As we celebrate Black History Month this October, Sheffield Flourish feature the work of ADIRA in supporting BME people in Sheffield. Rob Barnett found out more about the organisation and what they are up to by speaking with ADIRA’s founder.
Jessica Gibson: From Southport to Sheffield – my experience of mental health services
Jessica Gibson writes an enlightening account of just how much mental health services can vary in different parts of the country, and describes some of the approaches to mental health support in Sheffield. Her story highlights the profound impact that the right kind of help can have.
I moved to Sheffield by complete chance (if you believe in random chance encounters) on a recommendation from a friend who I’d met whilst in Australia. It seemed a positive step in my recovery journey and was the better choice of a bad few at that moment in my life. I only knew one person in the whole of Yorkshire at the time of moving here, my lovely housemate Vicky. Though she had told me a lot about Sheffield, I had no idea just how hilly and green the city actually was! I instantly fell in love with the stone-wall houses that were hiding in the hills and greenery all around.
I was happy to be in a new place with a clean slate and a fresh start but still found it difficult, confusing and very lonely most of the time. Moving to a new city where you don’t know anybody is hard. At the time of my moving in, my housemate was bombarded by brides-to-be – it was June and it seemed all hen do’s and weddings on earth happened in the summer of 2016. My first summer in Sheffield wasn’t great but I had some positives to hold on to – nobody knew me here so I could be whom I wanted and I genuinely loved the feel of the place. Then I found Theatre Deli where I was able to meet creatives and start getting involved with projects which helped my wellbeing no end.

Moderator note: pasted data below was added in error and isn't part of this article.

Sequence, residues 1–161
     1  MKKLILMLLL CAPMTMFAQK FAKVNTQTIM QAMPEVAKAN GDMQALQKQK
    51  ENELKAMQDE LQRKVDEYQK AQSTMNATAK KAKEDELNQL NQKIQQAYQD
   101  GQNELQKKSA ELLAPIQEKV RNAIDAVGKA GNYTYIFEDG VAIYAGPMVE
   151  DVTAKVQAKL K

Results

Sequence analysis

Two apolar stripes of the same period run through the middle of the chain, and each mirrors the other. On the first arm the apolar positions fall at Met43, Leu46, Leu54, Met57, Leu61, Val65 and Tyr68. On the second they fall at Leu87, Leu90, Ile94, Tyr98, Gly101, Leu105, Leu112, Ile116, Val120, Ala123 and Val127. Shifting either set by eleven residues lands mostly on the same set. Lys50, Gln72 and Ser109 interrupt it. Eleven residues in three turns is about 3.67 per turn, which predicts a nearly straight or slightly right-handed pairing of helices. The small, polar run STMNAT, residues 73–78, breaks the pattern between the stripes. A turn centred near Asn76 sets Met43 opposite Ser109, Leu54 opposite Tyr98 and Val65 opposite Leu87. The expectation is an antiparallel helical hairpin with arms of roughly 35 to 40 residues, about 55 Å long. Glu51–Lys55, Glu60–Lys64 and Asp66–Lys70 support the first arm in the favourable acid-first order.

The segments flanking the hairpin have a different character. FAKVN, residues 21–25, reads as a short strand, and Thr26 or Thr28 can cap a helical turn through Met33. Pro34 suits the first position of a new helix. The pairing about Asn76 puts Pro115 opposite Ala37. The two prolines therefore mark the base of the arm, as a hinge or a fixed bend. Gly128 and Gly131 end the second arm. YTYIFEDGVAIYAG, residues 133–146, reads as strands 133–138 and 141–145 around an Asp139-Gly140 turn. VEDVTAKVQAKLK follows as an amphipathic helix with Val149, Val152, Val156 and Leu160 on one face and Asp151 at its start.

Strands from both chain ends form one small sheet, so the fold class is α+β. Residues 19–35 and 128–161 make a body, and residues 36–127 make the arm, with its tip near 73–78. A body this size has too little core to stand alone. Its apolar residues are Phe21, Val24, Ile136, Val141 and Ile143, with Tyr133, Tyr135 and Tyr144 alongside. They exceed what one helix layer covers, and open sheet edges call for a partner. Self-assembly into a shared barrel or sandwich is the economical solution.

I had left Southport with no sense of hope at all. After an unhelpful and unsupportive experience at The Hesketh Centre over a 6-month period I felt tangled and unheard. I was perplexed by the seemingly contradictory viewpoints of the psychiatrists, mental health nurses and psychologists I saw in my appointments. At my most challenging point I was really struggling with high-risk impulsive behaviours that felt completely out of my control. I was so terrified of my impulses and intense rage that I had decided to remove myself from my family as I feared I would hurt them and ended up booking myself into a Pontins seaside resort down the road, alone in the bleakest of Octobers. It was not the fun Pontins experience you might have when you go on a family holiday – no, quite the opposite. At the Hesketh Centre, they seemed to have a consistently hard time understanding and communicating with the person directly experiencing these scary and distressing mental health challenges – me! I’m pretty sure these communication barriers had not been through lack of insight on my part but more lack of differentiation or listening on theirs. The general attitude I had faced was “we’ve seen and heard this all before, we are very busy here and we know better than you, so please go away”. Though nobody had actually ever said this to me I had felt it every-time I attended a session. There was never any documentation whatsoever of me attending anything there … like, ever. The psychologist forgot my name and managed to get my story mixed up with someone else’s during one to one sessions and I was recommended to go back onto a particular medication that had made me very, very ill indeed. To cut a long story short it was a damaging experience, but I have managed to reflect and learn from it. Unfortunately, I know all too well that others who need help haven’t made it to a point where they can reflect in the way I have been able to, and for them I feel a deep, harrowing sorrow.